Martin Lawlor was we understand in the grounds but did not turn out for Dundalk FC against Finn Harps in 1985. (Pic: Sportsfile)
Dundalk’s decline over the last three months, at least as far as home performances are concerned, was carried further on Sunday last by their defeat by three goals to one, by, of all teams, the relegation-doomed Finn Harps at Oriel Park.
As an ineffectual performance, it vied with their failures some weeks ago, on a 0-1 scoreline, against another struggling side, Shelbourne, and we will leave it to the few supporters who watched these games, to vote on which was the most dismal of the two efforts - or should we say, lack of effort.
These results, among others, mark the decline in the fortunes of Dundalk since January, principally in home games, with the exception of a very good show against Shamrock Rovers in late February, when they should have won, but deserved their draw with the league leaders.
DUNDALK’S BOGEY TEAM
The Dundalk players, and the supporters as well, would not have taken anything for granted if they had gone back over the records, an exercise which would have shocked us all. For this was the third time in consecutive seasons that Harps have taken the points at Oriel Park, as we were reminded after the game by Gerry McDermott, of the Lordship family, who is a reporter with the Donegal Democrat.
In the ’82-’83 season, Harps won 2-0 at Oriel (after Dundalk had opened with five wins over Pat’s, Shels, Limerick, UCD and Galway); in 1983-’84, they again won in Oriel Park by 2-1; and now this year was their third successive win in these parts.
HARPS AT HOME IN ORIEL
Delving further into the records we find more Harps wins at Oriel. 1974-75, 1988-78, 1979-80, with Dundalk having, in total, only three home wins in all those years, since 1974, when, strangely enough, Dundalk were having wins or draws all the way at Ballybofey.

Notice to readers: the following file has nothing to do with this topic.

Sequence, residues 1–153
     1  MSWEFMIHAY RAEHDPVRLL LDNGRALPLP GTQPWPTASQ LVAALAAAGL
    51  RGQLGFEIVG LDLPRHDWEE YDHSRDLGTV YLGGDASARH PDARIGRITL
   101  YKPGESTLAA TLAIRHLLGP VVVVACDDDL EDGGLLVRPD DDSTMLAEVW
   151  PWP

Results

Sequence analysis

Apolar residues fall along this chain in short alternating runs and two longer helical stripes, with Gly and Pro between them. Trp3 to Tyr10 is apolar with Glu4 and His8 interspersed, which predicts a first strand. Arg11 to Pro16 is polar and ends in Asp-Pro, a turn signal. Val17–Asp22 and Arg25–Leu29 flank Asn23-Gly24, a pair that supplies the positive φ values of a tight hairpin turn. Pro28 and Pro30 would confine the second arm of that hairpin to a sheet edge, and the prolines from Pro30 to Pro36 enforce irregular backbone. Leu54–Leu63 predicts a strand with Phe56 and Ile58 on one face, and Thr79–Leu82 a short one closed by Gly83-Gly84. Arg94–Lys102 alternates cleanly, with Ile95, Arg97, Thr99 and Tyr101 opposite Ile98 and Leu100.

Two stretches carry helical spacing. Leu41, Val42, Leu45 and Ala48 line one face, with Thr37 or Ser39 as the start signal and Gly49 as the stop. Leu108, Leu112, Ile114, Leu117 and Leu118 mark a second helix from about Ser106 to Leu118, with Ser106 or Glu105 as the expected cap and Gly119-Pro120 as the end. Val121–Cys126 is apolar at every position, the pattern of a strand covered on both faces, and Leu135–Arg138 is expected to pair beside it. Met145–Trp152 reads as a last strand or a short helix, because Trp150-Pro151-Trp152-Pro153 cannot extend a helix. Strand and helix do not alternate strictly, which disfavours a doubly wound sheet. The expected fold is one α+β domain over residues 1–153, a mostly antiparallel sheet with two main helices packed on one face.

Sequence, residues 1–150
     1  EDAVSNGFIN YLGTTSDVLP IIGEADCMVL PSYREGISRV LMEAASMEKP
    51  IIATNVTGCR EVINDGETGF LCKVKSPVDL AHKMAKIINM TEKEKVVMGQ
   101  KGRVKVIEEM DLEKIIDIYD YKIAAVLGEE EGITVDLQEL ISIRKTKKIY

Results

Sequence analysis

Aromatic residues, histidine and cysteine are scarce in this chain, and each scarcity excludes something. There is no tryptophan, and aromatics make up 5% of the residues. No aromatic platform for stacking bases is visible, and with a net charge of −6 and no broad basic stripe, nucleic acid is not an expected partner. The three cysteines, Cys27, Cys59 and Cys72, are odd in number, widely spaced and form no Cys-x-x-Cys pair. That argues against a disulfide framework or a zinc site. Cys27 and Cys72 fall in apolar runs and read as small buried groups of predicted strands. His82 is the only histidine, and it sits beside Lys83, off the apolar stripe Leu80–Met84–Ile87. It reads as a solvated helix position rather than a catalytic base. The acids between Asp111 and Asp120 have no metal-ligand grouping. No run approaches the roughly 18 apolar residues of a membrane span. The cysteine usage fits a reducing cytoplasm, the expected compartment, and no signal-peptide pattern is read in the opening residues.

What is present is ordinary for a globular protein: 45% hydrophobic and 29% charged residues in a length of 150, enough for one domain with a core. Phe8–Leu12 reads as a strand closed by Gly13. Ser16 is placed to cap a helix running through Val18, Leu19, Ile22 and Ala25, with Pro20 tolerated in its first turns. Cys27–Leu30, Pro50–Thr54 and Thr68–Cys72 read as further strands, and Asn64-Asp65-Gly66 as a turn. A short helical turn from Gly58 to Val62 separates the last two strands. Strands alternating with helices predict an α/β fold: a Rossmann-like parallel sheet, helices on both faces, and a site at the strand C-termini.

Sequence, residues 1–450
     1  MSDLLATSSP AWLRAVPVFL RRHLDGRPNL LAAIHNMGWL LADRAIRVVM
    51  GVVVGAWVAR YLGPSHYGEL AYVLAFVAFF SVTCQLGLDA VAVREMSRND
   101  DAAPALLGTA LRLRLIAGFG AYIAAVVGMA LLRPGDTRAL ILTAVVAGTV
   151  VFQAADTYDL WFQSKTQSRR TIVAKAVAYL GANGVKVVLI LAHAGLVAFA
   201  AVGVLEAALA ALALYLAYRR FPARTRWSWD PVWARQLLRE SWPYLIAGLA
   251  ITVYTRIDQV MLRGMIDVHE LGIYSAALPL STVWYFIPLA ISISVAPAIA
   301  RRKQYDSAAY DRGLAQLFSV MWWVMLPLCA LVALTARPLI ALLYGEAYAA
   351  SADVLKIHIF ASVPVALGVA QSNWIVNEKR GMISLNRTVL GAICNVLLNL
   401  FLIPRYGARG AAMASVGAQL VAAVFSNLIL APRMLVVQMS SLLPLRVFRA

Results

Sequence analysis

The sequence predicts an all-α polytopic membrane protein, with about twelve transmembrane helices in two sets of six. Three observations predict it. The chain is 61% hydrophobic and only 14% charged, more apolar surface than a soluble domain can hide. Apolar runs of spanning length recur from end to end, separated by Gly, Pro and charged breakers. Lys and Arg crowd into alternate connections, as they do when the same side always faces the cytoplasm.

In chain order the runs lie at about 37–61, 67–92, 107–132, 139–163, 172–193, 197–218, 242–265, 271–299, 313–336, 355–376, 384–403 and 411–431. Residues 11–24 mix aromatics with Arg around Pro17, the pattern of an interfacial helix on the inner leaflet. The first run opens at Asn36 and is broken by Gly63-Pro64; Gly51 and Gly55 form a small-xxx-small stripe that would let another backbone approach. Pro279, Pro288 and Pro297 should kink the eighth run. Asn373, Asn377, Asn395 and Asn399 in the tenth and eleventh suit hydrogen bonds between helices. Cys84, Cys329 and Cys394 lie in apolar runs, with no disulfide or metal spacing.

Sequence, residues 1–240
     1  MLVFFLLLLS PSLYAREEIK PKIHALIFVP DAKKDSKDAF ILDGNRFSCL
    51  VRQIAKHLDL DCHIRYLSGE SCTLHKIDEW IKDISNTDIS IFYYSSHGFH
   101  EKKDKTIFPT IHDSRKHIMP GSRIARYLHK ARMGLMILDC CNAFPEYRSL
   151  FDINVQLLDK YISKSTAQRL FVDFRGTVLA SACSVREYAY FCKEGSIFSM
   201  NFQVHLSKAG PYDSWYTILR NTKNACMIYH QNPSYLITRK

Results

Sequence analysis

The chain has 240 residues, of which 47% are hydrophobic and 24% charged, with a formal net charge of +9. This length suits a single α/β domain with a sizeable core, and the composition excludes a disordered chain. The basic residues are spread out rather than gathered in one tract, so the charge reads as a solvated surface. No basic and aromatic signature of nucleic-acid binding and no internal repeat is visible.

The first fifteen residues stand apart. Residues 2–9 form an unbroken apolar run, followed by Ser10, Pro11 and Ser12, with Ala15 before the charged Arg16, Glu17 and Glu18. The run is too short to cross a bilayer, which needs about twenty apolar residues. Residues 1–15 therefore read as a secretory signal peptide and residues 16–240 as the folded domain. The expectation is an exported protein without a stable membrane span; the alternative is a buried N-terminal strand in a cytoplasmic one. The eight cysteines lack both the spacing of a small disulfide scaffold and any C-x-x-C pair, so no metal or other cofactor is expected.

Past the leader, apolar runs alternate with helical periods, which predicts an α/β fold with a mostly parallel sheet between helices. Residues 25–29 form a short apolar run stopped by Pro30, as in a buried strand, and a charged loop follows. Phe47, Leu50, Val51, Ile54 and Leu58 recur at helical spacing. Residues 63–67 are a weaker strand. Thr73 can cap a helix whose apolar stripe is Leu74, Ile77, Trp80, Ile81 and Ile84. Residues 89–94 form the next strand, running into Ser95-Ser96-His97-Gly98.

Dundalk players and supporters didn’t have all those facts in their minds on Sunday last, or they might have taken a different view of their chances in this game of no real consequence.
It is no excuse to record that Dundalk were under strength for reasons not easy to explain. Benny Laryea was missing, no one seemed to know why, Martin Lawlor was we understand in the grounds but did not turn out; and of course Billy Wright was grounded under a week’s suspension.
Tom McNulty was dropped back to fill Lawlor’s place, though we haven’t seen him in a defensive position, at least with Dundalk, when Paul McLaughlin would seem to have been the man to fill the vacant berth.
Then Tom McConville came off after 15 minutes and was replaced by young Eddie Lynch, while later on another promising young player Paul Watters was sent in instead of John Cleary. In the original line out was another player, Dessie Gorman, who celebrated by scoring the Dundalk goal.
The Dundalk team: Blackmore, Nolan, McNulty, McConville, Wright, Maher, McLaughlin, Kehoe, Cleary, M Murray, Gorman.
Subs: Watters and Lynch for Cleary and McConville.
Dundalk finished bang in the middle of the table, eighth out of 16. Harps, unfortunately, were one of four relegated, closing one place above basement dwellers Longford Town and behind Sligo Rovers and Drogheda United.
Shamrock Rovers completed four title wins in a row, holding six points more than closest rivals Bohemians.